Of concern to regulators is a tendency for influencers like Musk to make excessively bullish predictions on social media about the future performance of crypto assets, which are then amplified by their followers. This seems to have been what the US Senate Banking Committee chairman was getting at when he referred to crypto’s “phony populist marketing”. The practice echoes the tendency of populist leaders to over-promise when it comes to jobs, growth, prosperity, and so on.
The president of El Salvador, Nayib Bukele, combines the roles of populist political leader and crypto influencer. Having won a supermajority in the legislature in 2021, he moved to consolidate his power by attacking judges and journalists before making Bitcoin legal tender, rolling out a network of 1,500 cryptocurrency ATMs, and announcing plans to construct the world’s first Bitcoin city. The IMF has urged him to reverse his decision on Bitcoin because of the negative impact on El Salvador’s sovereign credit rating, but – with a characteristically populist disregard for institutional expertise – he has ignored their advice. Elsewhere, crypto-friendly policies are proving electorally successful in city politics.
Third, there is an extent to which crypto advocates and populists agree about the way solutions to society’s problems should be generated.
Here it is useful to draw on recent work by Chris Bickerton and Carlo Invernizzi Accetti on “technopopulism”. Populism has often been understood as inherently hostile to expertise, but Bickerton and Accetti show that there are several configurations in which populism and technocracy can happily co-exist. One of the varieties of technopopulism they identify is a “bottom-up” version, of which Italy’s Five Star Movement (M4S) is the exemplar. M4S crowdsources its policies online, with the rationale that the collective intelligence of the people is greater than the intelligence of the supposed experts in parties, the civil service, and government.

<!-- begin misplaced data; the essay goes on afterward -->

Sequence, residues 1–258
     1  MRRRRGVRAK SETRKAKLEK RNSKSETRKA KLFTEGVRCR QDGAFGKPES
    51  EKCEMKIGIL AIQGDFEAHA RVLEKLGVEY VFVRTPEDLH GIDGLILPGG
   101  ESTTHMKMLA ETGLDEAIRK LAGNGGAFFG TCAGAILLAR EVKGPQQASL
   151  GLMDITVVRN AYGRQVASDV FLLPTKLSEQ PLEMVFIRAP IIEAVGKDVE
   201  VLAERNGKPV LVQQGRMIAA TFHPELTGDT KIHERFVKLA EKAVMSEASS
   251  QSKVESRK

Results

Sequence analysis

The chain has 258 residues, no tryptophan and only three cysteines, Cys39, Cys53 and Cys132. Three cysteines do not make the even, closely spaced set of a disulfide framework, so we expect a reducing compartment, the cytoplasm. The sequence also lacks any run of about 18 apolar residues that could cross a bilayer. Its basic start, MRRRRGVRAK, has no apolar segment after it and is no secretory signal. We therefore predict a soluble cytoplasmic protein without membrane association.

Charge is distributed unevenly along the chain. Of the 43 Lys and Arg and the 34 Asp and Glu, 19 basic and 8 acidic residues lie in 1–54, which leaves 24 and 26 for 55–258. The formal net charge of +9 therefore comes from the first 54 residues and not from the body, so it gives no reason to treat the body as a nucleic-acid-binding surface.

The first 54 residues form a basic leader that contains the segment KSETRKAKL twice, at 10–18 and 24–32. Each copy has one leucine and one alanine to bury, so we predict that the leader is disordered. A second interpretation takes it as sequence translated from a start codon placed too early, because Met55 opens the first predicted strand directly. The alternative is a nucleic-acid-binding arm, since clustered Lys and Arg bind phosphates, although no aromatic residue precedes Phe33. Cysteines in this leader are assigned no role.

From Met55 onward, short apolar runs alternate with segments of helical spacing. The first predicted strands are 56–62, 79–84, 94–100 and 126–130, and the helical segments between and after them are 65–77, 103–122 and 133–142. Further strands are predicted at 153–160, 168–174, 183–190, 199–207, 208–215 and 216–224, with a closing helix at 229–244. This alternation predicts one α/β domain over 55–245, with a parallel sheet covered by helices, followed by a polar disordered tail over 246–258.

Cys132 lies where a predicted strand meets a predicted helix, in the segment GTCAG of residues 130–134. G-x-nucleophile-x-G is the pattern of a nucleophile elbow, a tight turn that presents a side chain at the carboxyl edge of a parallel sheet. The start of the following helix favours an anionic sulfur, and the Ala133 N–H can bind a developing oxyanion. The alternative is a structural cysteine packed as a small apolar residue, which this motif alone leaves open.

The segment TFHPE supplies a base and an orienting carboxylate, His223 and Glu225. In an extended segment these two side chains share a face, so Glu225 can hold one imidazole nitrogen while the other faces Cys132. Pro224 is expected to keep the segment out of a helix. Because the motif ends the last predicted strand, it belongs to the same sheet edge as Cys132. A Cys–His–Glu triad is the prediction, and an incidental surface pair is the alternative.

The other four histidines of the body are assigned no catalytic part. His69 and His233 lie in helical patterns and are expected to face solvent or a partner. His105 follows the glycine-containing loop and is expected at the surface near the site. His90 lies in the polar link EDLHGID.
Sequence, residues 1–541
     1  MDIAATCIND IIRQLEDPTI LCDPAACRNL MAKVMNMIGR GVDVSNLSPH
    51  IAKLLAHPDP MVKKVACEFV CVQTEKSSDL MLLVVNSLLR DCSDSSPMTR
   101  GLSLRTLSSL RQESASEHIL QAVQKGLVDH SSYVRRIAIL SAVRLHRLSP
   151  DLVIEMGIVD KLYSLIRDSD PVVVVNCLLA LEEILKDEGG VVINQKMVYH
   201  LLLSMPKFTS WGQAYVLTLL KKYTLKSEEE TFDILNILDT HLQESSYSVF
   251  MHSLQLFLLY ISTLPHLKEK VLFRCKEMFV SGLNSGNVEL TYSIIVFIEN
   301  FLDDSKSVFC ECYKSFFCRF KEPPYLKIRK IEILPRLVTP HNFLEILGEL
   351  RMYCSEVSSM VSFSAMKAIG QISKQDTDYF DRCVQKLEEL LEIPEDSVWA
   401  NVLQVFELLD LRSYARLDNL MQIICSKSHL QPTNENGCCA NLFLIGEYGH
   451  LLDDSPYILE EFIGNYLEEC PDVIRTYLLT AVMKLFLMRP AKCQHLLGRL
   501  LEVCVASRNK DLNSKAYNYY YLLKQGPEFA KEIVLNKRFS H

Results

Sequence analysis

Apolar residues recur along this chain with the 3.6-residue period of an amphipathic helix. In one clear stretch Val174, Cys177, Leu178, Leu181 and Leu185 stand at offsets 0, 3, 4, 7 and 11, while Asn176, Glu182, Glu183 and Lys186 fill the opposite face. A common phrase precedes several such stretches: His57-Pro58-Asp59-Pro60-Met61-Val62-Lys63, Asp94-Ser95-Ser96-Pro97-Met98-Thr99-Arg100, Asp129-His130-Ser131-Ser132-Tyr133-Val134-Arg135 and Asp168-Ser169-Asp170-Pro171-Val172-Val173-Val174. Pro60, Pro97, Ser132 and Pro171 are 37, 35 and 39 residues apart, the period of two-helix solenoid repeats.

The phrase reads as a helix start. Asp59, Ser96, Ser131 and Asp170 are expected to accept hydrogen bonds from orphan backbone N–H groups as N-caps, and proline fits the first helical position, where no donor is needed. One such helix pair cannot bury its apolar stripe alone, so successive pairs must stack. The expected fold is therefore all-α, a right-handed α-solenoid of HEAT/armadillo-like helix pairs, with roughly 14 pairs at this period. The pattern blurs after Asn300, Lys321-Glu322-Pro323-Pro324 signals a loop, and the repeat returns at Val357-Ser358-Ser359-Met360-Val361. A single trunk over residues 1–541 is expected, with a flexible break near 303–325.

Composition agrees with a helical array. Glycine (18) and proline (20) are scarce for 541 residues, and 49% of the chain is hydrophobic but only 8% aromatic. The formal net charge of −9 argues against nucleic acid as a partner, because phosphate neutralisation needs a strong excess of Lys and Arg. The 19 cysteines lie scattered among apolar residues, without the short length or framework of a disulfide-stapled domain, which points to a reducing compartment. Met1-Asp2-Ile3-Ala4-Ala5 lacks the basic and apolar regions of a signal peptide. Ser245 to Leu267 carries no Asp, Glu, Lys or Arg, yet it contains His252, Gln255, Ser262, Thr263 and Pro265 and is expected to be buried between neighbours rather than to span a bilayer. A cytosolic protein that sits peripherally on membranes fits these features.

The crypto movement shares with bottom-up technopopulists the belief that direct democracy is technically (and perhaps morally) superior to representative democracy. The key organizational innovation in crypto is a digital version of the cooperative called the Distributed Autonomous Organization (DAO). DAOs obviate the need for trusted central authorities by programming rules into blockchain-based smart contracts and putting matters that are outside the scope of the rules to a majority vote by “the community”. In a manner that would surely resonate with M4S, DAO decisions are collective and expertise is emergent.
In this context, Elon Musk’s seemingly eccentric perspectives on political decision-making begin to make more sense. Musk has polled Twitter users on whether he should sell Tesla stock, suggested that under his leadership Twitter itself will be partly governed by Twitter-poll plebiscites, and proposed party-less “direct democracy” as the basis of governance for colonies on Mars. These are the technopopulist solutions of a crypto influencer.
This is obviously not an exhaustive account of crypto’s relationship to populism. There is more to be said about the way the construction of “the community” in crypto sometimes parallels the populist construction of “the people”, delegitimating “NoCoiners” in the way that populism delegitimates minorities. David Golumbia has shown that while the 2008 financial crisis might be the proximate cause of the crypto movement, its ideological roots are to be found in the long history of libertarianism. In the context of crypto discourse, the libertarian ideas of thinkers like Murray Rothbard interact with populism in intriguing ways that deserve to be explored by researchers.
Finally, crypto populism warrants policymakers’ attention. An estimated 2.3 million UK citizens have invested in crypto – following the crypto crash, most will have seen the value of their holdings collapse in recent months. It is now generally accepted that crypto implies a need for stronger financial regulation. What its affinity with populism brings into focus is whether and how that need can accommodate the libertarian and bottom-up instincts of the crypto world.